Friday Night Lights began its entertainment lifespan as a fantastic book written by Buzz Bissinger. Bissinger's book told the engaging story of the near "life and death" importance of a high school football team to the west Texas town of Odessa.
Bissinger's cousin, actor Peter Berg, saw a movie in his non-fiction work, bringing it to screen as its director with the great Billy Bob Thornton playing the central role of the head football coach. Never one to leave a great story alone, Berg developed FNL as a television series, and NBC picked it up a couple years ago.
Despite an excellent cast and fantastic local flavor (FNL has been filmed in Austin, TX for each of its three seasons), NBC blew it from the beginning. The show aired initially on Mondays putting it directly against it potential core audience of football fans, and then they moved it around the schedule grid until everyone lost track of it.
Additionally, they couldn't decided whether to market the show as Texas high school football meets Beverly Hills 90210, or whether to stay true to the nature of the Bissinger's book.
Despite all of these problems, FNL still emerged as one of the best shows on television. It is expertly acted, well-written, and largely true to its subject matter.
This season, which only made it back to NBC after it was exclusively aired in its entireity on DirecTV, may well be the best season so far, and this is saying quite a lot. Not only have the characters matured to the point that the viewer knows them intimately, but the storylines seem more true to life (and football) than ever.
The best attribute of the show remains the relationship between its lead characters, head coach Eric Taylor (played by Kyle Chandler) and his wife, and school principal, Tami Taylor (played by Connie Britton). By placing these two married characters at opposite ends of the high school spectrum (football coach vs. administration), the show explores the dynamics of football within a small town culture.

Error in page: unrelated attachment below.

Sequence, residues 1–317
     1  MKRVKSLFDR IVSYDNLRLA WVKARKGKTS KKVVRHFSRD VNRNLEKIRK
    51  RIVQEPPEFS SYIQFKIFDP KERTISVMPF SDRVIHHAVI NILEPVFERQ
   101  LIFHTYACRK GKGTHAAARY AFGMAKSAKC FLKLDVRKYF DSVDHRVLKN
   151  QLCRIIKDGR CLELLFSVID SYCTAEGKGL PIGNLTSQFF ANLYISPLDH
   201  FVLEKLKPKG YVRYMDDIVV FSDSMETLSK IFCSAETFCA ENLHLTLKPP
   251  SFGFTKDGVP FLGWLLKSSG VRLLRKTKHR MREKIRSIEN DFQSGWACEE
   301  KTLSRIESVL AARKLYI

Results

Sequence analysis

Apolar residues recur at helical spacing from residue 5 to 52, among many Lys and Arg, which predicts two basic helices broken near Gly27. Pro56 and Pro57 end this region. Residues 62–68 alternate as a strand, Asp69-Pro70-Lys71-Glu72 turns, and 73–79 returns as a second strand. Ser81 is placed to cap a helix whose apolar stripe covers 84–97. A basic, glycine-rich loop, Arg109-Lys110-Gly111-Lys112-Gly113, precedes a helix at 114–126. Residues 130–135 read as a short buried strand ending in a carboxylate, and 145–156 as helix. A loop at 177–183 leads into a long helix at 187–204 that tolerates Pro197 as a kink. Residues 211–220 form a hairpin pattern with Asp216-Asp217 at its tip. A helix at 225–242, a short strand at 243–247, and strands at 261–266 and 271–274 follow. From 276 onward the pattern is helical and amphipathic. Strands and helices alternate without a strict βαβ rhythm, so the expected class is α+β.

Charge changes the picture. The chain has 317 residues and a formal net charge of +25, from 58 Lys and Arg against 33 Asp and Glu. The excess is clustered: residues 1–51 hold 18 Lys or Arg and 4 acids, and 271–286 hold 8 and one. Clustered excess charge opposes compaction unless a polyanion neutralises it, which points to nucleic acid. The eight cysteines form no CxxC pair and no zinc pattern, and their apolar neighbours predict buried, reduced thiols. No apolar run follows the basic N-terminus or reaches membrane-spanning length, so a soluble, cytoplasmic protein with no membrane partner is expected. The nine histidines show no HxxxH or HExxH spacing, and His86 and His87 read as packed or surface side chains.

Never does FNL doubt or mock the importance of football to the fictional town of Dillon, Texas. It remains both a joy and escape to its residents and players, while still being a burden as well, especially when they lose. High school kids learn early the heights of (local) heroism, and the depth of being a loser that no one wants to be too close to.
FNL continues to also get better in its choice of storylines. Whereas in the first two seasons the show felt the need to rely on standard TV fare such as high school romances and tragic tales (a paralyzed player in the first season and an accidental murder in the second), the third season deals with more real to life drama.
Off the field, Tami Taylor is dealing with funding cuts to her school. So far, she has angered the school booster by reallocating their Jumbotron fund to pay for school short falls.
On the field, the story focuses on the battle for starting QB of the Dillon Panthers. The tough, but smallish Matt Saracen has been Dillon's starter since Jason Street was paralyzed in the series first episode. Saracen led the Panthers to a state championship that year.
In season 3, both Saracen and Coach Taylor must deal with a new family in Dillon, the McCoys.
Young J.D. McCoy has been schooled by the best to be a spread offense QB. His wealthy father (played by the deliciously smarmy D.W. Moffett) wants to make sure his son and the spread offense lead the Dillon Panthers post haste. The Panther boosters love this idea leaving both Coach Taylor and his loyal senior QB on a quickly shrinking island of mutual support.
As we recently chronicled in our Texas Longhorn recruiting Dispatch, the state of Texas - from high school to college - is all about the spread offense these days. There is no doubt it is an exciting system that can allow QBs to put up incredible numbers, but it can also be a system that bury a team as fast as it can lead them to victory since the pace of this offense can work against a defense.
One only needs to look at Tommy Tuberville's spread debacle that, in part, cost him his job at Auburn, or Texas Tech's quick fall from the top of the Big 12 as they lost big to Oklahoma, then Ole Miss in the Cotton Bowl. The spread offense can be a dangerous gamble. Coach Taylor has a right to be nervous about this kind of change.
For those like me who haven't watched it already on DirecTV, we are only a few episodes in. You can catch up with the entire series online or through many on demand channels via your local cable company.
Finally, NBC got it right! Reward them and yourself by watching this great show now airing on Fridays where it belongs.
- Jim Markel